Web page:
There was a recent conference at Big Sur in California where founders of the sustainable agriculture and organic farming movements gathered to share their stories and discuss how and who to share their legacies with.
Dubbed “Agrarian Elders” the dozen or so farmers lamented that despite their efforts, massive single crop farming interests have been prohibiting cost effective opportunities for smaller scale farmers. These small scale farmers used to be called just farmers way back when?
“Michael Ableman, a farmer and one of the event’s organizers, said the concerns were part of a much larger issue, a “national emergency,” in his words. Farmers are aging. The average age of the American farmer is 57, and the fastest-growing age group for farmers is 65 and over, according to the Census Bureau.” (NY times)
The same numbers apply here in Delta, and the challenge has always been to try to educate and encourage young people to develop an interest in farming.
The family farm that built the foundation for growth and development of North America as we know it today is changing. The complexities of farming are daunting for every generation of farmer as are the pitfalls of the market place. The cost of land and equipment and the prospect of sheer hard work are proving to be problematic for new potential farmers who consider entry.
As the average age of farmers in North America rises, solutions for agricultural production need to be found.
The “Agrarian Elders” and their ideals are being compromised by several thousand acre “organic farmers” who sell tomatoes, raspberries and strawberries to us all year round in plastic clam shell containers.
The ‘Elders’ and many that have followed in their footsteps have found it increasingly difficult to make a living off the land by offering dozens of varieties of fruits and vegetables from their farms to local consumers. The paradoxes of growing food abound, and the convergence of so many issues is making the simple idea of growing food a Rubik’s cube within our society right now. Greenhouse or field, it is all food, and it is all plainly difficult to talk about.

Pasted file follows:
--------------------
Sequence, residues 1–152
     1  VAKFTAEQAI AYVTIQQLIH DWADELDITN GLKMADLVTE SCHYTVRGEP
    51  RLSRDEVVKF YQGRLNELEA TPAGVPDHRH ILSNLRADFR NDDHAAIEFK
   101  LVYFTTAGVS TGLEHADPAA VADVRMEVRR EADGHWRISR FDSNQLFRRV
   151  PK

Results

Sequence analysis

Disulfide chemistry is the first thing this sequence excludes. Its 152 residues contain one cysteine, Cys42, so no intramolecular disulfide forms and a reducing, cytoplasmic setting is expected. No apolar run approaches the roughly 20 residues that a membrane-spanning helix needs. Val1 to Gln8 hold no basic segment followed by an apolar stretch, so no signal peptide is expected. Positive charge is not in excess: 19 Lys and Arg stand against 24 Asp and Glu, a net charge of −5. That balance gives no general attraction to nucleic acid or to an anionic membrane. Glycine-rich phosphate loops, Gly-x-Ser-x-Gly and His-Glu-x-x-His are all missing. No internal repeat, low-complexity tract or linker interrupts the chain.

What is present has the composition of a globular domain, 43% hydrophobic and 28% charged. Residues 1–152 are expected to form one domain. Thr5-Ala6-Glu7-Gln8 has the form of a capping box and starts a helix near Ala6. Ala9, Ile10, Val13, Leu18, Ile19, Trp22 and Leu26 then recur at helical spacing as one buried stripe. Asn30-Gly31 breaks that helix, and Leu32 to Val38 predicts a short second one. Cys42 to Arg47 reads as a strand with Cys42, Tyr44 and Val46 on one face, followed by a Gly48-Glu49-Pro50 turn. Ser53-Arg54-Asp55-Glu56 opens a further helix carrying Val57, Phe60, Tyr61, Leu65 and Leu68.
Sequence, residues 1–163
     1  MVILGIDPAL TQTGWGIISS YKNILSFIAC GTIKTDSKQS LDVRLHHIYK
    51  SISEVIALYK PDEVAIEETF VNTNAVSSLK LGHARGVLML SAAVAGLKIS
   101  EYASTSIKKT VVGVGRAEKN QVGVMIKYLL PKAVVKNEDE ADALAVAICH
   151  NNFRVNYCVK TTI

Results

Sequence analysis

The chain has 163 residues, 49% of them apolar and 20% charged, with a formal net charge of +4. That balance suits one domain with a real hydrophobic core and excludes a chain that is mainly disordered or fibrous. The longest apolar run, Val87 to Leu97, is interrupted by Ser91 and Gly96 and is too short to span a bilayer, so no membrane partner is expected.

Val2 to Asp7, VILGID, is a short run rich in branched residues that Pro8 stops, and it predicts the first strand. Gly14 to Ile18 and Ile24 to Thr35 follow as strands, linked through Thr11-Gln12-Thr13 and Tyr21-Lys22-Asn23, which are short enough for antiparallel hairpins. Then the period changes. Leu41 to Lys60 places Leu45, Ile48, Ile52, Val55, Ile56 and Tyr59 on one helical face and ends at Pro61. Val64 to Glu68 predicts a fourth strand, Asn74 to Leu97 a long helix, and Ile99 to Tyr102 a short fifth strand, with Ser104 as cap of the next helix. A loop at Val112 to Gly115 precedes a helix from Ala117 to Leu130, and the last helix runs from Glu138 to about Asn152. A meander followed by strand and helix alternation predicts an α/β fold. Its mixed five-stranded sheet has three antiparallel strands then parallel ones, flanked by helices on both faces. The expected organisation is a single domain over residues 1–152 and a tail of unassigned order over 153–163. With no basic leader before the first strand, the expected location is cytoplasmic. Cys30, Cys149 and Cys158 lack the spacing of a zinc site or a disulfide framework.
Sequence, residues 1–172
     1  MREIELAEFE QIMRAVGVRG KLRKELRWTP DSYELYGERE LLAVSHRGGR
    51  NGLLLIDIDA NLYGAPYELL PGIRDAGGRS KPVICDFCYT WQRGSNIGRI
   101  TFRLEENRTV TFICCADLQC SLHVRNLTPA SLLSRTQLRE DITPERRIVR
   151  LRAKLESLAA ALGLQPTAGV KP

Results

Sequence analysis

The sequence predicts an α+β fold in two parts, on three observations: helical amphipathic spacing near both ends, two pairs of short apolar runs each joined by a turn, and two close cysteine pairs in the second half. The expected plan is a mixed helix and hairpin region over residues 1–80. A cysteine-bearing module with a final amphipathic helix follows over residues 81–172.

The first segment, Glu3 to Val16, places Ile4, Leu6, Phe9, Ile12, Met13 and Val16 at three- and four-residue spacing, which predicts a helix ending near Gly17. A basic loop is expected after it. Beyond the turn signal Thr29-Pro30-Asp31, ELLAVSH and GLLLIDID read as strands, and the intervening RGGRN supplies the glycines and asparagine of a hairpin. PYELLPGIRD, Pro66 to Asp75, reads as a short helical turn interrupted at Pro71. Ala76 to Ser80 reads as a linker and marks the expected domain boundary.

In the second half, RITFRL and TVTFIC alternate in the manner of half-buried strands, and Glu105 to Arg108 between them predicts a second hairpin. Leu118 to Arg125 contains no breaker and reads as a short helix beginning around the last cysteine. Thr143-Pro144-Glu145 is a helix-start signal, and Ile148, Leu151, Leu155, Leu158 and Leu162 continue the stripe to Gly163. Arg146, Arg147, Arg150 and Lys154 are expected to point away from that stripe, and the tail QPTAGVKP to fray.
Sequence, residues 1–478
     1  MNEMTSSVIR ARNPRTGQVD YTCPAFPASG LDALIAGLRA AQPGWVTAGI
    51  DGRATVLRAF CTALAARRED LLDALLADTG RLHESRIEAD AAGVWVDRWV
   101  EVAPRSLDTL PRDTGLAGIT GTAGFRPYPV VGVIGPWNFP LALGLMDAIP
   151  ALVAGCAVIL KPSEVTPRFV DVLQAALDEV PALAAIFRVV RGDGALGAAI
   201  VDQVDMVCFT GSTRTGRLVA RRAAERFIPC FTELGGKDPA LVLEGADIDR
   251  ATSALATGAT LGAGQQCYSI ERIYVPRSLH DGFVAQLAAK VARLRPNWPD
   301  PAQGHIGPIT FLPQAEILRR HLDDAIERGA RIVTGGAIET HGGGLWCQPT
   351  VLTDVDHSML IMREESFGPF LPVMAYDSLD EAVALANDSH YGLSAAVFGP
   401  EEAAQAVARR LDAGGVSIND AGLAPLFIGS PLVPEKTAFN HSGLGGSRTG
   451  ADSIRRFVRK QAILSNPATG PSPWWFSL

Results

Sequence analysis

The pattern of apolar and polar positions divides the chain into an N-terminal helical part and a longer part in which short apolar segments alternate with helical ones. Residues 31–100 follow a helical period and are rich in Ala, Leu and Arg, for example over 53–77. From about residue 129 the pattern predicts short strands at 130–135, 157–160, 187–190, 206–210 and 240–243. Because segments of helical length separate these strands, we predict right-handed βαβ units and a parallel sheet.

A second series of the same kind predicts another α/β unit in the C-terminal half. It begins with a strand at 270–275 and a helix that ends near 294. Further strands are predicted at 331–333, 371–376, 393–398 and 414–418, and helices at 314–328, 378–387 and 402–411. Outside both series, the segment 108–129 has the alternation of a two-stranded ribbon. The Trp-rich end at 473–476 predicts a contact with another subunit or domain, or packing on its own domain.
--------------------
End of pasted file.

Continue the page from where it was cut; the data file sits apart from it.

Farming, big or small scale is an intrinsically good idea. That is a simple truth that cannot be denied. Window-box to backyard… it does not matter.
One of the main issues that all observers tend to agree on is that education around farming is key. In fact, education and engagement of young entrants to farming is a “Desired Outcome” within the Corporation of Delta’s Agriculture plan…..
“Farming is attractive and accessible, providing a successful alternative career for younger people and new entrants.”
The same sensibilities are evident in the Provincial Agriculture Plan spearheaded by former MLA Val Roddick.
Farming in Delta is front and center on so many levels… has been and always will be. It is encouraging to see that the Delta School District recognizes the plight of the Agrarian Elders and is putting education front and center in its schools to ensure that the local “Young Agrarian” movement continues to gain momentum.
It is still only the middle of February but you should be glad to know that hundreds of elementary school children are ‘planning to plant’, creating their diagrams for plantings at their school neighborhood farms via their Project Pickle program.
Congrats Delta! A fine example you are indeed!